Living the Classical Life has become one of my favorite pursuits ever since we started the project—originally as simple conversations about music and life, with my friends. The show has grown and developed from that which I did all along to find my own—which is to ask questions from the heart.
I have always admired Charlie Rose and "Inside the Actors Studio." I never dreamt that in my own way I could host musicians and talk about their lives, work, and process. For an aspiring young musician, the anxiety and uncertainty surrounding a life in music can be overwhelming.
Thankfully, there is much to be learned from a musician's inner world, insights, their struggles and experiences, and above all their passion—all of which are at the heart of this show. I hope the humanity of my guests will inspire and encourage others.
I grew up in postwar Munich listening to classical music. It was the only "extra noise" permitted—six children were all my parents' ears could handle. No music lessons, for the same reason. However, we did sing a lot—German "Liedgut" in four-part harmony—which prepared me for my years with the Munich Philharmonic Choir. I've always been a music lover and avid concert-goer. But not until teaching German to students from the Oberlin Conservatory and the Cleveland Institute of Music did I begin to understand what it means to "live a classical life." Getting to know many of these students during their undergraduate years filled me with admiration for their determination and courage. The passion and sacrifice it requires deeply moved me. It takes more than a village for a classical musician to succeed, no matter how talented and hard-working.
My very special friendship with Zsolt, whom I met during his freshman year, led to the idea of producing a candid, intimate interview series that brings a whole new dimension to understanding classical music. "Living the Classical Life" would not be possible without Pete and Liz whose total engagement, artistry, and professionalism create each episode. Famous or just starting out, our guests speak about how they deal with failure and success, shoot for the stars, look for a quiet niche, or survive the global high-wire circus. They generously share their most intimate experiences and their wisdom--all for the love of music.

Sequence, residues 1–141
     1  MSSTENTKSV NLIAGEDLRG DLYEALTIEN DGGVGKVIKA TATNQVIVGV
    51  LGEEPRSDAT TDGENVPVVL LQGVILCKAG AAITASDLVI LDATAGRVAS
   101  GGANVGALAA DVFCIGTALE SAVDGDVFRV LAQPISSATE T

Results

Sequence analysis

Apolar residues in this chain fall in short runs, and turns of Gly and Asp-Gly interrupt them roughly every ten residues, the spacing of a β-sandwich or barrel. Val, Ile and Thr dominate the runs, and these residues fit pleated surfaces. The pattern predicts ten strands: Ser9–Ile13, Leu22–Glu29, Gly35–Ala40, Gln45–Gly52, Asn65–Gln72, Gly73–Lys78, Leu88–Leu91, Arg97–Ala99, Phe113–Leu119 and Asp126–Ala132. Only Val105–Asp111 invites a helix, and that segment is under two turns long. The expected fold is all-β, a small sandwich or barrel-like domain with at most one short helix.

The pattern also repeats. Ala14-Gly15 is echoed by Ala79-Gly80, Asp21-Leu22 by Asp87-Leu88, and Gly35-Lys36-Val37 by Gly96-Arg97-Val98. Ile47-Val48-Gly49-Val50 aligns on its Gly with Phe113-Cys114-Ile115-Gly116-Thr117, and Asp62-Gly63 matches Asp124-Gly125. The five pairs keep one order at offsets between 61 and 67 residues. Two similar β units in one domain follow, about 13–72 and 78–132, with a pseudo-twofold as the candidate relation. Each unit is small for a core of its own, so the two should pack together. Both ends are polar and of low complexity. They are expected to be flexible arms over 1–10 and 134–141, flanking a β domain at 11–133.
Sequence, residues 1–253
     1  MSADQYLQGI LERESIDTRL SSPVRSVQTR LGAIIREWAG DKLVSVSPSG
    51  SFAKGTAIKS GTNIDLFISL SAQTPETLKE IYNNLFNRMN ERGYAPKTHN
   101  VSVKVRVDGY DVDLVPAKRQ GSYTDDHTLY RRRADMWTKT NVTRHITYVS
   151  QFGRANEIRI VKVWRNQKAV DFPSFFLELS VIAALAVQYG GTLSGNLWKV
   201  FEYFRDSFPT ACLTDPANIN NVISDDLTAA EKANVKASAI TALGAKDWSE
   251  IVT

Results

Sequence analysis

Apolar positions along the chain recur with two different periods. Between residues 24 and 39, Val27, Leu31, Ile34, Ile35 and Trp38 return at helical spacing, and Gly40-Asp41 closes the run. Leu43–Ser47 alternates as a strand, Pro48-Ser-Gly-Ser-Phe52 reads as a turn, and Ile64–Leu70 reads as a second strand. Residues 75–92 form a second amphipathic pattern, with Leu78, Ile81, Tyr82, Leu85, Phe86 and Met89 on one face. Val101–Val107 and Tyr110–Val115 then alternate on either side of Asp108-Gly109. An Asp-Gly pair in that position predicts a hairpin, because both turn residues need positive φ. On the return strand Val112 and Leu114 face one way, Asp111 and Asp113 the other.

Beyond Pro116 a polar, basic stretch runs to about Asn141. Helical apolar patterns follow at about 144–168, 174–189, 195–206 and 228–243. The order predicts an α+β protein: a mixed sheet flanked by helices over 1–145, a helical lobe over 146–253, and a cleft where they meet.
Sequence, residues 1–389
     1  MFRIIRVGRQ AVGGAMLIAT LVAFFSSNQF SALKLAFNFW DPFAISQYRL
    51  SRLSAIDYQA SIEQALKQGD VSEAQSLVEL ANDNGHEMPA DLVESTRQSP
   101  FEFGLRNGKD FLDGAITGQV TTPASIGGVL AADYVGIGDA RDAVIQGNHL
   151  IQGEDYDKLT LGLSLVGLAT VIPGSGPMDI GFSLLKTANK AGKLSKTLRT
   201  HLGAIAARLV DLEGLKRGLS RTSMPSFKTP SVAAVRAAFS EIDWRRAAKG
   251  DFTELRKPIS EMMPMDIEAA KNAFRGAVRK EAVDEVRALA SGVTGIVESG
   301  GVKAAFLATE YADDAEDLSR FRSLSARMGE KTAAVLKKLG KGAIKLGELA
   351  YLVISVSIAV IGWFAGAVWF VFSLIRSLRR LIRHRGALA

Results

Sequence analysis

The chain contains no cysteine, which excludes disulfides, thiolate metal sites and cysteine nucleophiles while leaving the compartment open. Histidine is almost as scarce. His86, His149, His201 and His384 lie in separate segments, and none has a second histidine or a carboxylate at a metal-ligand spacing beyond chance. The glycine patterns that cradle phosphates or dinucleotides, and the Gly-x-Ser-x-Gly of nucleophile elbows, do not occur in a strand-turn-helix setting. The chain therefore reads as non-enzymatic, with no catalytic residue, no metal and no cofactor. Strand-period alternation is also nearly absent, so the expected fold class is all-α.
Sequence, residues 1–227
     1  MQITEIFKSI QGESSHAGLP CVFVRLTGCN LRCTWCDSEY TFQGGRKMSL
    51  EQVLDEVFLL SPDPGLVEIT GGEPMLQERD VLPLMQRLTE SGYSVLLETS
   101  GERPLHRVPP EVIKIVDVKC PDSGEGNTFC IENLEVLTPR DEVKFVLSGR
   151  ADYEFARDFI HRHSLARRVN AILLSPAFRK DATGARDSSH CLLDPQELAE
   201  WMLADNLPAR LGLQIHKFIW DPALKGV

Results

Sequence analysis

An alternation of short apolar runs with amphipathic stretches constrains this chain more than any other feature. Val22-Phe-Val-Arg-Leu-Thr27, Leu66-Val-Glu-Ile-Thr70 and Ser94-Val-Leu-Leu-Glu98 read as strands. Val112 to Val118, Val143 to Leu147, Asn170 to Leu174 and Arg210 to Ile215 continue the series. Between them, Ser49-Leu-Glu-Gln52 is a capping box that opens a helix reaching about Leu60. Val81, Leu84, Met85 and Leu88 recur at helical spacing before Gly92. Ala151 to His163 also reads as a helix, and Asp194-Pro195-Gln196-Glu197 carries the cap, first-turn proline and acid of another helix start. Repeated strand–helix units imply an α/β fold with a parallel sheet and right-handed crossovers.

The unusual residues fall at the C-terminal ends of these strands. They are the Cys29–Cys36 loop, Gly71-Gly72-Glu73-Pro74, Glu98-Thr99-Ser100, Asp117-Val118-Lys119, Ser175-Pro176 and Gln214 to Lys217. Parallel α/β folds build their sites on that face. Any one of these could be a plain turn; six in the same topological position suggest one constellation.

I've been making movies for a long time. I shoot, direct, cut, write, produce, and sometimes teach.
Liz and I were doing a short documentary about Zsolt. We'd done a few different shoots, in different settings, with different friends of Zsolt. We kept coaxing his friends to ask Zsolt questions so that he'd reveal more of himself on camera. They tried, but Zsolt is wonderfully modest, and kept turning it around to ask questions of his friends. Jeez that was frustrating.
One day, as I was looking through the footage for those rare moments of Zsolt-candor, I realized that what he was doing was interviewing these people. And they were saying interesting things about themselves. He was drawing them out in an intelligent, relaxed, and empathetic way.
I hastily cut together an episode, our first, in which he interviews a wonderful cellist named Joshua Roman. I called it "Zsolt Bognár & Friends" because, at the time, that's what it was. I showed it to my partner Liz and she loved it. Then we showed it to Jutta, and she was excited.
As the series evolved, we began to include guests who weren't friends (yet) and our viewership expanded. We needed a more inclusive name for the show, so I suggested a phrase that I'd been using as a subtitle, to describe the show's essence.
And here we are, Living the Classical Life, surprised over and over by the number of people, all over the world, who like the show and want more. Money is still a major problem, because we have high production standards, but The Show Must Go On!
Before meeting our host Zsolt Bognár I had no connection to classical music. I grew up listening to jazz and rock 'n' roll. I thought that classical music was stuffy and not for me. What a surprise I got as I was initiated into this world.
One of the things that I'm most proud of is the fact that, even though this is not the kind of music that I'm well versed in, I'm able to produce a show about it that I believe is of an incredibly high-quality.
Living the Classical Life is one of the most satisfying and rewarding things I have done. I look forward to each shoot because I know that I'll learn from our host, from our guests, and from the other technical craftspeople who work with me. It's lovely to realize that no matter what your age or background there are reservoirs of knowledge to be found everywhere. I feel lucky to have found these wonderful collaborators. Here's to many happy shows to come.